Iron Eyes and 73 others were arrested Feb. 1, 2017, after erecting teepees on land in southern North Dakota that authorities said is owned by Texas-based pipeline developer Energy Transfer Partners. Protesters said they were peacefully assembling on land they believe rightfully belongs to American Indians under old treaties. Iron Eyes could face five years in prison if convicted.

    His attorneys subpoenaed Gov. Doug Burgum in March, making dozens of requests for information they hope might help his case. The attorney general's office objected on several grounds including the request being unreasonable.

    Christofferson during a Wednesday hearing limited the request to information regarding former Gov. Jack Dalrymple's emergency declaration, his activation of the National Guard and his triggering of a law officer-sharing agreement with other states. He also said he won't allow Burgum to be called to testify without his permission.

    The judge during the hearing criticized prosecutors for being slow to provide evidence requested by the defense as the two sides prepare for trial, and he set deadlines for some evidence to be turned over. However, he also called out defense attorneys, saying, "when you do a list, you seem to include everything but the Library of Congress."


    Chase Iron Eyes, right, sits next to his attorneys in a Morton County courtroom in Mandan, N. D., Wednesday, April 4, 2018, during a pretrial conference on charges of felony inciting a riot and misdemeanor criminal trespass related to the Dakota Access Pipeline protests on Feb. 1, 2017

    "Discovery" - (https://www.nolo.com/legal-encyclope...-disclose.html)
    Discovery is the process through which defendants find out about the prosecution’s case. For example, through standard discovery procedure, they can:
    get copies of the arresting officers’ reports and statements made by prosecution witnesses, and examine evidence that the prosecution proposes to introduce at trial.

    Traditionally, the prosecutor wasn’t entitled to information about a defendant’s case. But in recent years, discovery has become more of a two-way street. Just as defendants can discover information from prosecutors, so too can prosecutors examine certain evidence in the hands of defendants.

    Modern Discovery Policy
    Pretrial disclosure of information through discovery can foster settlement and enhance the fairness of trials.

    Can prosecutors spring evidence on defendants like they do on TV?
    No. In the past, prosecutors could guard evidence from defendants with the same fervor toddlers show in protecting toy trucks and dolls from their siblings. Defendants couldn’t force prosecutors to hand over witness statements or even reveal the names of their witnesses. Now the view that advance disclosure will promote fairer trials has taken hold—if defense attorneys know ahead of time what to expect, they can better defend their clients.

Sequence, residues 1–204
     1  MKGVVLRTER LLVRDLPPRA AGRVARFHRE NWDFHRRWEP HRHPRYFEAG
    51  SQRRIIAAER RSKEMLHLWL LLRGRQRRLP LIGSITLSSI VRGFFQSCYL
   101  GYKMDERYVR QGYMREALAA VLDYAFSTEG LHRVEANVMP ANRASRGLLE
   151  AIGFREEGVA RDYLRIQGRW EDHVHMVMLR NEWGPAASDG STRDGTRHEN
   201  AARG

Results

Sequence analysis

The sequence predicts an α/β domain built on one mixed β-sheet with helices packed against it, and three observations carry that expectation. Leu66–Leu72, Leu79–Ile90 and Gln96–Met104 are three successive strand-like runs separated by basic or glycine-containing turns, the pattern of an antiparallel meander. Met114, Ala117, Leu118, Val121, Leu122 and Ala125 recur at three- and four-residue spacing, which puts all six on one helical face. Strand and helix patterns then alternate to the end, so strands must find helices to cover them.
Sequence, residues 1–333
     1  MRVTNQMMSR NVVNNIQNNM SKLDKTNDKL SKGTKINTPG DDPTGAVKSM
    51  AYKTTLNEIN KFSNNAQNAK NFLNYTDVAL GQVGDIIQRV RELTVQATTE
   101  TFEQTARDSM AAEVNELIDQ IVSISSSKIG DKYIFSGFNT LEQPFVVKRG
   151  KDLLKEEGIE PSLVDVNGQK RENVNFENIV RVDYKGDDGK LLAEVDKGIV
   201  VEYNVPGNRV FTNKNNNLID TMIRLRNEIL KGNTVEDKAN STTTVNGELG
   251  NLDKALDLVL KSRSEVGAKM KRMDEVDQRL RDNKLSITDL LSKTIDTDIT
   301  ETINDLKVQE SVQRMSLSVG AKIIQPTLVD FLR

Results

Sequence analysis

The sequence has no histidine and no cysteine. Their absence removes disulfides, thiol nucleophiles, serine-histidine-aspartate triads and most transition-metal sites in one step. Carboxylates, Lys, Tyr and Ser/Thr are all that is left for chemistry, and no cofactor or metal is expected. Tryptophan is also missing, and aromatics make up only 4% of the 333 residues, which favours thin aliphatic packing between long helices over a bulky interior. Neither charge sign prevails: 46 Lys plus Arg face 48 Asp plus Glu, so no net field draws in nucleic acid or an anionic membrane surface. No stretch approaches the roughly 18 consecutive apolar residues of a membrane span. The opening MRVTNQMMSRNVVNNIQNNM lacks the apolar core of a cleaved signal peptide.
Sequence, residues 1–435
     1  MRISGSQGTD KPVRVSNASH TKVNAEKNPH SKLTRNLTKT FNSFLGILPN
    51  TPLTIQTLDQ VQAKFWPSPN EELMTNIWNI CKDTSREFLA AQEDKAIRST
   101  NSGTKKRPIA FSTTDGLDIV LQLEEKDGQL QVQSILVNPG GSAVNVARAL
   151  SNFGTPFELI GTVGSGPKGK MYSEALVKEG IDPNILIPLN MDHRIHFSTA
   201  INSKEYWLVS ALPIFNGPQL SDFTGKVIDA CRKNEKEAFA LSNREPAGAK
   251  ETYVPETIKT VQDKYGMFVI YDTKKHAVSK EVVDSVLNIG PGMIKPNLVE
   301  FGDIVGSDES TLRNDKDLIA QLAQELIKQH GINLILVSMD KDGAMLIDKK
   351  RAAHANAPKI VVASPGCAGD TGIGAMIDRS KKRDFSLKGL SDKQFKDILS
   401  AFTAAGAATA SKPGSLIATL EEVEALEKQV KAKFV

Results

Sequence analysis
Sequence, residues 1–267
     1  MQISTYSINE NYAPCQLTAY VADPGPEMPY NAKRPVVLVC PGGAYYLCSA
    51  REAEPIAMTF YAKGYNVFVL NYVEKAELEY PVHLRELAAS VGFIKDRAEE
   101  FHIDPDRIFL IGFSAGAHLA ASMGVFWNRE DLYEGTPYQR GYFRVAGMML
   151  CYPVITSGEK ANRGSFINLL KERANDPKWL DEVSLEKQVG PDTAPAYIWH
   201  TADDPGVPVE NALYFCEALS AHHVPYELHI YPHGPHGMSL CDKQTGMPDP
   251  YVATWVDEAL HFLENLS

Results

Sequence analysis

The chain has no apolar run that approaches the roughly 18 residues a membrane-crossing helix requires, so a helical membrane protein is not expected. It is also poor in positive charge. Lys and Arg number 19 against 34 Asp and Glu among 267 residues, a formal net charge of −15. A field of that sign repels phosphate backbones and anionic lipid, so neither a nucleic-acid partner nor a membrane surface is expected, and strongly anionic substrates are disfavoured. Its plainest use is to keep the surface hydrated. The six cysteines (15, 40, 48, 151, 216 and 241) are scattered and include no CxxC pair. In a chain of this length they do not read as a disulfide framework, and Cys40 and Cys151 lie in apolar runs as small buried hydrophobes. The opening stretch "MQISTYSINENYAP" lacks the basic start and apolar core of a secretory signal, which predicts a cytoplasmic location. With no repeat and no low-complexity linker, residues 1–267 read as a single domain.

Surprise evidence may produce fine drama, but it leads to poor justice. Unlike prosecutors, defendants can’t call on police agencies to help them investigate and respond to evidence they find out about for the first time at trial. Thus, every jurisdiction (each state and the federal government) has discovery rules requiring prosecutors to disclose evidence to defendants prior to trial.

    Are discovery rules really intended to help defendants at trial?
    Not exclusively. Sure, advance disclosure promotes fairer trial outcomes, but it also promotes case settlement, which saves judicial time and resources. If a guilty defendant finds out before trial that the prosecution has a particularly strong case, that defendant will be more likely to plead guilty and save the government the hassle of trying the case. Discovery is likely a significant reason why at least 90% of criminal cases settle before trial.

    Issues regarding settlement aside, discovery is intended to help defendants in the sense that prosecutors must hand over certain information that's helpful to the defense.

    Does discovery mean that the prosecution has to reveal its case strategy?
    No. Discovery rules generally distinguish between raw information like names of witnesses, police reports, and drug or alcohol test results, and attorney theories and strategies. The latter is called “work product.” Prosecutors don’t have to turn over their work product to defendants—otherwise, it just wouldn’t be fair. Lawyers would be incentivized to hide their work or do less of it

    EXAMPLE
    Vy Tummin is charged with assault and battery on a police officer. Vy claims that she reacted in self-defense to the police officer’s use of illegal force. The prosecutor plans to show a videotape of the incident to the jury. The prosecutor also has prepared a file memorandum as a self-reminder about what portions of the tape to emphasize during the trial and why those portions are especially significant. Vy’s lawyer demands to see the videotape and all the prosecutor’s trial memoranda. Discovery rules allow Vy's lawyer to see the videotape. But the prosecutor won’t have to turn over the memorandum. The memo is the prosecutor’s work product because it contains strategic analysis.

    Is there a particular period of time prior to trial when the defense is supposed to engage in discovery?
    Not really. Prosecutors can’t disclose all discovery on the eve of trial, but on the other hand, they don’t have to divulge it all way ahead of time. Discovery can unfold gradually. For example, a defendant’s attorney might receive a copy of the police report at the first court appearance, but might not receive a prosecution expert’s written analysis of blood evidence until shortly before trial.
    Each of us play our part in creating a new story for humanity and our planet ~